Lee's behaviour raises legitimate questions about ethics
Journalist's decision raises questions about transparency and ethics for him and for RTÉ, writes NOEL WHELAN.
THE LAST seven days have certainly proved to be a long week in byelection politics. Those diehard Fianna Fáil supporters who
always felt that RTÉ in general and its economics editor in particular were biased against their party will no doubt feel vindicated by George Lee's decision to stand for Fine Gael in Dublin South. However, those making such broad-brush assertions of bias are being unfair to Lee and his 17 years as a working journalist.
That said, Lee's behaviour in recent weeks does raise legitimate questions about ethics, transparency and impartiality for him and RTÉ. It must be discomforting for the national broadcaster that its lead reporter on the dominant political story for much of the last year appears to have transformed almost overnight from being an impartial journalist to an advocate for the main Opposition party.
Lee was untypically vague on Tuesday when closely questioned about how and when his candidature came about. He spoke of being approached "over recent weeks" and how it had been "in the ether" for "possibly a month or two", but that he had only "come to the conclusion" to run last weekend. However, senior Fine Gael sources apparently told journalists before last weekend that they would be announcing a "big fish" candidate for Dublin South this week.
Eight weeks ago, George Lee had an hour of Sunday night television to advance his thesis on how our boom was blown. In the last six weeks he has fronted and, as editor, presumably set the tone of RTÉ's coverage of both the emergency budget and the National Asset Management Agency solution to the banking crisis. Just days before he became a Fine Gael candidate Lee, as RTÉ economics editor, was part of a panel discussion on Pat Kenny's radio show during which he again complained about government incompetence this time for an "atrocious" Lisbon referendum campaign.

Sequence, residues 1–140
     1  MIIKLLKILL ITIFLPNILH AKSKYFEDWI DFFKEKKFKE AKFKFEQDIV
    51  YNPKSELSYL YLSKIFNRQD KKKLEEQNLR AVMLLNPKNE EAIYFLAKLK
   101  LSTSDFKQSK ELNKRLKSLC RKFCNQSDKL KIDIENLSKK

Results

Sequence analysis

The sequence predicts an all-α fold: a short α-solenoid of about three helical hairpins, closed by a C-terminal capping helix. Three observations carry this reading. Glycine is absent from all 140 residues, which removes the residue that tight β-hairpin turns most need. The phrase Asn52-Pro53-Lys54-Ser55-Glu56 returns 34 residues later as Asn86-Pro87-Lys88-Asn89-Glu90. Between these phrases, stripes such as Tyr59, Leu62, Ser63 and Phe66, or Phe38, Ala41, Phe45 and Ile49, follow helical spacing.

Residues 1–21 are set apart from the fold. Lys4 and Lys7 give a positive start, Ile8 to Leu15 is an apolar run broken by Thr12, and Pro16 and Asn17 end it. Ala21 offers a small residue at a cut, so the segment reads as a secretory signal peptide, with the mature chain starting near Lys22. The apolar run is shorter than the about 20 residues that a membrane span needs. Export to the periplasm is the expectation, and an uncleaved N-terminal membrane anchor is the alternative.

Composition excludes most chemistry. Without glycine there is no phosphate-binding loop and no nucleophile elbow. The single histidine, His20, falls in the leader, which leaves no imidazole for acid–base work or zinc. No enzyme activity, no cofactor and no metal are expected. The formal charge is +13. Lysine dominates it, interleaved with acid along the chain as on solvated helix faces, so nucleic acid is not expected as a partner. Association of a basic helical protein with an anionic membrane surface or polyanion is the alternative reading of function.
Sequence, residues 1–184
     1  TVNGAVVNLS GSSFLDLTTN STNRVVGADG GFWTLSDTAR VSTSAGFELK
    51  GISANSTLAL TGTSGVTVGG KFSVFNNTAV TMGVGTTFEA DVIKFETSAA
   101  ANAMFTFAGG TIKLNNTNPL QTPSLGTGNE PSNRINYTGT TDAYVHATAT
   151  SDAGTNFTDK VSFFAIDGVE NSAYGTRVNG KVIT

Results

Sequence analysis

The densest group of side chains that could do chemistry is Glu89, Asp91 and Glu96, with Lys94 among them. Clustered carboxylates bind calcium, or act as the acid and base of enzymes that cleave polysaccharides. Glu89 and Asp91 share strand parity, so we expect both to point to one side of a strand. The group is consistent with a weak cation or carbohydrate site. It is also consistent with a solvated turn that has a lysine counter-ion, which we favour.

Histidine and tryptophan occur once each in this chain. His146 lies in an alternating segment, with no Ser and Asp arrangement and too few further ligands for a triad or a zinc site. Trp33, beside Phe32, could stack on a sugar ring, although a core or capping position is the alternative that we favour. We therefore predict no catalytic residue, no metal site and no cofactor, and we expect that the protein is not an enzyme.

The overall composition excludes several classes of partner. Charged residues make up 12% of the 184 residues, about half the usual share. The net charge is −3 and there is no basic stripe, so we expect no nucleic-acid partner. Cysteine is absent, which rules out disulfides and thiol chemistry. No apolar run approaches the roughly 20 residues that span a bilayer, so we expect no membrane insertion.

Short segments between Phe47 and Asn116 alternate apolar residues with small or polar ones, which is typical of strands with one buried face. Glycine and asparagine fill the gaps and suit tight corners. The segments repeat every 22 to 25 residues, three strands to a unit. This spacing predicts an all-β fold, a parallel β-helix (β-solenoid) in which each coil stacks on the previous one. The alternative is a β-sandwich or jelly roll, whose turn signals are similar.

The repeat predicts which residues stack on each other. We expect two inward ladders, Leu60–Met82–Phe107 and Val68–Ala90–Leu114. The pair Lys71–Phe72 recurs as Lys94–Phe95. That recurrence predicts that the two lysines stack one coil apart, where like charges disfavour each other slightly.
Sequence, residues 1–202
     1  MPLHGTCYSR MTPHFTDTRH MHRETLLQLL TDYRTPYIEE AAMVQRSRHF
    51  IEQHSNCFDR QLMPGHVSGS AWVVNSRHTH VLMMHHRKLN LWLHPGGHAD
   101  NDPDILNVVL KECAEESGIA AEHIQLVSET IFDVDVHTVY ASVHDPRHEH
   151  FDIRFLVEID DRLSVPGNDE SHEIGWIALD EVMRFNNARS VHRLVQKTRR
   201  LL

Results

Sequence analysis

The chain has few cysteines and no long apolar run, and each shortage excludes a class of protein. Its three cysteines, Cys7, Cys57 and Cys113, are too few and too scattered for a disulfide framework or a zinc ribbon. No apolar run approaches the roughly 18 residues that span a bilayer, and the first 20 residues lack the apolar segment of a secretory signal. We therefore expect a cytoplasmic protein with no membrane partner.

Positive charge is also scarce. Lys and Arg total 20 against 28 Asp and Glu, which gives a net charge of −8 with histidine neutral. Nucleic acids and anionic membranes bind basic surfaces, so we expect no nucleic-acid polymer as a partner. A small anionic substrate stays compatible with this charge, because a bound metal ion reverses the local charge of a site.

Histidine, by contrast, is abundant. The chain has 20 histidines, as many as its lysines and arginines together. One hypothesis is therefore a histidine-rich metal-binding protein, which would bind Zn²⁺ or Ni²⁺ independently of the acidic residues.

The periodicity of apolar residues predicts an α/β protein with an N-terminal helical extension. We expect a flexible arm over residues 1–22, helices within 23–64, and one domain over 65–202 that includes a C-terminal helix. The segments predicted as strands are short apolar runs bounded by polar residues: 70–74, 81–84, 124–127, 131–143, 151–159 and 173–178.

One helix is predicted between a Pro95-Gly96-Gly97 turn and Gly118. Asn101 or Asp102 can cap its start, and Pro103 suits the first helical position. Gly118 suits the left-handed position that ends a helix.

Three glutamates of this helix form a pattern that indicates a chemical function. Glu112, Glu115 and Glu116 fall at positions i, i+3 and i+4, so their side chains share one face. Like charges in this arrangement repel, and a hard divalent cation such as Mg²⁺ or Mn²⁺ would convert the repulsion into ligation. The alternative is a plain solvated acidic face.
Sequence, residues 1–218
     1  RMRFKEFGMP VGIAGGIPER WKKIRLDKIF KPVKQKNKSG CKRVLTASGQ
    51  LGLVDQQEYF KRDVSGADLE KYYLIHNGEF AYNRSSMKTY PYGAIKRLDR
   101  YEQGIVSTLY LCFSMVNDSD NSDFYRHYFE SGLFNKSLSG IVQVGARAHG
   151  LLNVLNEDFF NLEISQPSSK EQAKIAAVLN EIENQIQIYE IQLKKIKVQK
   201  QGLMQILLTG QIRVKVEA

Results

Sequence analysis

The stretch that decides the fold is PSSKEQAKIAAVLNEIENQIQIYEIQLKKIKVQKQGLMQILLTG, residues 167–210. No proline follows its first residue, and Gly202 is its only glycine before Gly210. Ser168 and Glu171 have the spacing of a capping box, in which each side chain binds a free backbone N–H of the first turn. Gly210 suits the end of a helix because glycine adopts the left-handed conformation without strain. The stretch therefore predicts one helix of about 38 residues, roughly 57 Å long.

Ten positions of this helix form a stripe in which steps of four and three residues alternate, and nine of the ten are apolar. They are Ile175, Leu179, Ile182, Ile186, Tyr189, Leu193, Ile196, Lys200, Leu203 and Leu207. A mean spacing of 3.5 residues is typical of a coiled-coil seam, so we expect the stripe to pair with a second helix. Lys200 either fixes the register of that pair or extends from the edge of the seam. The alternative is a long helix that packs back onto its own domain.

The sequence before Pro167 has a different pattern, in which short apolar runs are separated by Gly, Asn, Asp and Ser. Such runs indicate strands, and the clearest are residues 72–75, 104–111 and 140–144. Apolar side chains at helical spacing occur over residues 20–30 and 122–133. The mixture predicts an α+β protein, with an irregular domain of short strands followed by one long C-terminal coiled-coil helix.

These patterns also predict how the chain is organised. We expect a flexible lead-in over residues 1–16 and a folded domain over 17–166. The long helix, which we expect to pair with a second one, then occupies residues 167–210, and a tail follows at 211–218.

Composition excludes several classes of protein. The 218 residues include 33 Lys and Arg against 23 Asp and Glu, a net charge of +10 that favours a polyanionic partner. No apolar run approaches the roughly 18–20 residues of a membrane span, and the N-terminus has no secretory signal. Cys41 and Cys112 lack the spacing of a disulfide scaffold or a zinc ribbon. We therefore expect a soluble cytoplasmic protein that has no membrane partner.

RTÉ is particularly conscious of the need not only to be impartial but also to be seen to be impartial. They are even careful to ensure that any connections discussion panel participants might have or had with political parties are declared. In my case, for example, presenters often introduce me as a former Fianna Fáil candidate. Even though it is now 12 years since I stood for election, I take no issue with this and apparently Fine Gael's press office screams if they don't. Unfortunately, listeners cannot know whether anyone else on a panel might emerge as a political party candidate 12 hours later.
Over the years, RTÉ has insisted that employees who leave to work for political parties and return to RTÉ serve a decontamination period before resuming frontline news coverage. Seán Duignan anchored evening news before becoming Albert Reynolds's government press secretary.
On returning to RTÉ, he was quarantined away from political coverage for several years. Shane Kenny was a leading current affairs radio presenter when he became John Bruton's press secretary and was similarly quarantined on return to RTÉ.